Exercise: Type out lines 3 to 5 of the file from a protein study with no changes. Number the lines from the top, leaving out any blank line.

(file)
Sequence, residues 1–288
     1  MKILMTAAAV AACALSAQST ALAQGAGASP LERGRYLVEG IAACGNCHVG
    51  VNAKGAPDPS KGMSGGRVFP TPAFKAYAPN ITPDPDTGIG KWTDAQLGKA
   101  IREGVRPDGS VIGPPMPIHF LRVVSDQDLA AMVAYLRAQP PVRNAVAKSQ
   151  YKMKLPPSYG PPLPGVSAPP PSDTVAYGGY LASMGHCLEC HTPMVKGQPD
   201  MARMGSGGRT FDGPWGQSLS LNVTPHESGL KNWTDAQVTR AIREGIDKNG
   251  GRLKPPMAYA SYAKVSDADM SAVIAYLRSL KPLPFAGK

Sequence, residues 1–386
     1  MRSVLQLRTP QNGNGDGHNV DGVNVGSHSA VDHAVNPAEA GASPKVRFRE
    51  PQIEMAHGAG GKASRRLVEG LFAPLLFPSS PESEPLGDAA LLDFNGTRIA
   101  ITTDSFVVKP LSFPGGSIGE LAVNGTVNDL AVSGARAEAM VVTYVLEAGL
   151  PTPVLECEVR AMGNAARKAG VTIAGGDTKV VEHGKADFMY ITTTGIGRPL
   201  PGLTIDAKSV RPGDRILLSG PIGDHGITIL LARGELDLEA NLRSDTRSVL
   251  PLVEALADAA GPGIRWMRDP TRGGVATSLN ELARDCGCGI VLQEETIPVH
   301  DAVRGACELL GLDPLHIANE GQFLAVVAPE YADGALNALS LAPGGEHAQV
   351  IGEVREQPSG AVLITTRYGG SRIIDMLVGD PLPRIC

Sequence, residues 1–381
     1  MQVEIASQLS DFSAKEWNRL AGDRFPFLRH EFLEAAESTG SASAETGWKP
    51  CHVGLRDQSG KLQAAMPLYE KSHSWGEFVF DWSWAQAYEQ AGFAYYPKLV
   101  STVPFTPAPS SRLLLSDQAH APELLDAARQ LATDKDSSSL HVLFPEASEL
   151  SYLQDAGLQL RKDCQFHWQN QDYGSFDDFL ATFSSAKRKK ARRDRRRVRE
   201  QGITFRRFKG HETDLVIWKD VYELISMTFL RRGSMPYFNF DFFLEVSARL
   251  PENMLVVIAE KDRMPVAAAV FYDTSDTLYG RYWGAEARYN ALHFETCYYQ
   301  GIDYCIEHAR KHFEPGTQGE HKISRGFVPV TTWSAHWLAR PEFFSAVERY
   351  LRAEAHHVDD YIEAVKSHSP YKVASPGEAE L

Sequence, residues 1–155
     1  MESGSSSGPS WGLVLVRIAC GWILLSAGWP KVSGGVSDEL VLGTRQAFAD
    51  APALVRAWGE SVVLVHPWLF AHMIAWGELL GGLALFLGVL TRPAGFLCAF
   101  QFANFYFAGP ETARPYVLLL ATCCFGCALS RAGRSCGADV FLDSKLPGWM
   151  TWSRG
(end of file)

    51  VNAKGAPDPS KGMSGGRVFP TPAFKAYAPN ITPDPDTGIG KWTDAQLGKA
   101  IREGVRPDGS VIGPPMPIHF LRVVSDQDLA AMVAYLRAQP PVRNAVAKSQ
   151  YKMKLPPSYG PPLPGVSAPP PSDTVAYGGY LASMGHCLEC HTPMVKGQPD